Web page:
“For Crossroads, embracing the gospel of Silicon Valley isn’t solely about money; it’s also about bringing the next generation into the church,” Mya Frazier reported for Bloomberg. “Ocean Accelerator offers a way to reckon with two converging trends: growing anxiety about jobs and a decline in church attendance among young people.”

Ocean is a five-month residential program for tech companies focused on developing entrepreneurs financially and spiritually. Organizations receive guided mentorship and pro-bono legal, accounting, human resources, and marketing services—plus seed financing of $50,000. Up to 12 companies are chosen each year, and so far 26 have graduated the program.

Taking church anywhere

From the Cincinnati area, Crossroads’ 14 locations extend north to Dayton, Columbus, and Cleveland, Ohio, as well as south to Lexington, Kentucky. While most Protestant megachurches are now multisite—62 percent according to Leadership Network and the Hartford Institute for Religion Research—few are doing it at Crossroads’ scale. To compare, the average number of locations is just 3.5.

Crossroads stocks each location with live music and campus pastors, the same sermon shown onscreen at every site. It maintains continuity even in the details: Each building Crossroads owns is remodeled with a similar interior and stage setup, using matching lighting cues.

The consistency across sites allows Crossroads to “reimagine” preaching itself and take nontraditional approaches. Last fall it kicked off a video series where Tome sits down with a guest, such as a local DJ and a startup founder, to talk “real life” over a beer. It throws an annual Super Bowl of Preaching that adds “tailgating, smack-talk, commercials, and music” to head-to-head sermons from two lead pastors.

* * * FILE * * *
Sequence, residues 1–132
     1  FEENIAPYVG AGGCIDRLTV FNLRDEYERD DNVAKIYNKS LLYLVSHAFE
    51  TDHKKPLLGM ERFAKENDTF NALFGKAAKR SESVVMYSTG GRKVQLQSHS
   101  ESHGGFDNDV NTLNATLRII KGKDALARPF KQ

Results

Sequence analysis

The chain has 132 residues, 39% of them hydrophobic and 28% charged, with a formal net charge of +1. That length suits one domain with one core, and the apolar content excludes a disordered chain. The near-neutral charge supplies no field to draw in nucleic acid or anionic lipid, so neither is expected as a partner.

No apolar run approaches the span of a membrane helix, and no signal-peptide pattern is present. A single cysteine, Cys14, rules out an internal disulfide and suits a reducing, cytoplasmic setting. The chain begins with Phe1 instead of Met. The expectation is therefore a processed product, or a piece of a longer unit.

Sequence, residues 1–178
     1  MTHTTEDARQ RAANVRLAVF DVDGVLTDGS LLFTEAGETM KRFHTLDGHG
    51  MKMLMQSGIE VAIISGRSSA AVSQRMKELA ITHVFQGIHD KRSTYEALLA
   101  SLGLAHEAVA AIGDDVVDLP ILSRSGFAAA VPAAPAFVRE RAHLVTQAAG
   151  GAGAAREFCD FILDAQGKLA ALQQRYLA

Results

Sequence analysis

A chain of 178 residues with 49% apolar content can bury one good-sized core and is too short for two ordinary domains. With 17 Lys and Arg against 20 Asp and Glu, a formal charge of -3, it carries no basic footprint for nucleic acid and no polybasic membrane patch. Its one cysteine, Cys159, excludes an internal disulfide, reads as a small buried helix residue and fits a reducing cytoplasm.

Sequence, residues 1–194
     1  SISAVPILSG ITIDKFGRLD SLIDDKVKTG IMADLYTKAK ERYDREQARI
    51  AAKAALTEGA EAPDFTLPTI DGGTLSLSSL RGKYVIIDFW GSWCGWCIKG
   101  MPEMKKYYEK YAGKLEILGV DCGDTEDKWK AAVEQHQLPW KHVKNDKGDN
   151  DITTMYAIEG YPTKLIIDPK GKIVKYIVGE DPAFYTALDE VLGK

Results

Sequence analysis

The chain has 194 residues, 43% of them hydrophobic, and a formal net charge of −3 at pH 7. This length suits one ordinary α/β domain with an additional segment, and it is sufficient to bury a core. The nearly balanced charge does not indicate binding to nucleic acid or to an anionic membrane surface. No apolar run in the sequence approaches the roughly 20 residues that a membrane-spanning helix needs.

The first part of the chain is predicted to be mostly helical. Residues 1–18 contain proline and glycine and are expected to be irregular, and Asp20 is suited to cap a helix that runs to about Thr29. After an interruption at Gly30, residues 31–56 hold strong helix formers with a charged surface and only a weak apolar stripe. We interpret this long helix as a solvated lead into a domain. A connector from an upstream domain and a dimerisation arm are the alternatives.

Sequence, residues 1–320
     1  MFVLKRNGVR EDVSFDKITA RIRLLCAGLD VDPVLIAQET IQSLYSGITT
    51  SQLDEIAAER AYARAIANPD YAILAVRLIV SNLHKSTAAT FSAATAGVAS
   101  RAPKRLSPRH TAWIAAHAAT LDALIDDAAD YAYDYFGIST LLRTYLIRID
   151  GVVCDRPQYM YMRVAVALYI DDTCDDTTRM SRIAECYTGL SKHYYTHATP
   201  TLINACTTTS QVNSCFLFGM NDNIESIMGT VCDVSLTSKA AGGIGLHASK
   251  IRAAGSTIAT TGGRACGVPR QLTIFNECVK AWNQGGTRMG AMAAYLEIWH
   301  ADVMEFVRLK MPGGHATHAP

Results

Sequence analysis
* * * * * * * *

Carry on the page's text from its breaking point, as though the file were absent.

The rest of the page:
This year, for 20 of the 52 weekends in 2018, Crossroads will show pre-recorded sermons filmed entirely on location outside the church—transporting worshipers to where Bible stories happened (one series was filmed in the Holy Land and another in Rome), presenting different voices with biblical application.

Image: Jonathan Willis
Producers stream weekly services, which increasingly feature new formats, including interviews with Tome and offsite videos.
Image: Jonathan Willis

Producers stream weekly services, which increasingly feature new formats, including interviews with Tome and offsite videos.

Crossroads has a similarly centralized operating model, with locations looking to HQ for direction and resources but using a portion of their budgets for local needs. One campus has a program focused on racial reconciliation, while another has a ministry to people recovering from heroin addiction. To keep everyone connected, all Crossroads staff members meet together weekly—whether in person or teleconferenced—for updates and devotions.

Franchising the church

Like about a third of US megachurches, Crossroads relies on technology and resources to support church growth beyond physical buildings. Leaders see Crossroads Anywhere—groups that gather in homes to view the weekend service together—as a crucial part of the church’s future.

At least 38 groups meet together for Crossroads Anywhere in far-flung cities like Seattle, Los Angeles, and Houston. The church spends over $100,000 a month to keep the app’s digital infrastructure running.

The Crossroads Anywhere app also acts as a data-driven feasibility study for possible new campuses. If more than 100 people are convening in a certain location, Crossroads evaluates if it should begin providing on-location resources in that region.

In January, the newest Crossroads campus opened in one of the outlying Cincinnati regions where the staff had seen growing interest—and 8,000 people showed up the first weekend.

To expand beyond the Midwest, Crossroads will rely upon technology to liberate where brick and mortar have limited. Consistent with a business startup mentality, Tome stated, “No matter how big one building is, it is still too small for the growth that God wants for his church.”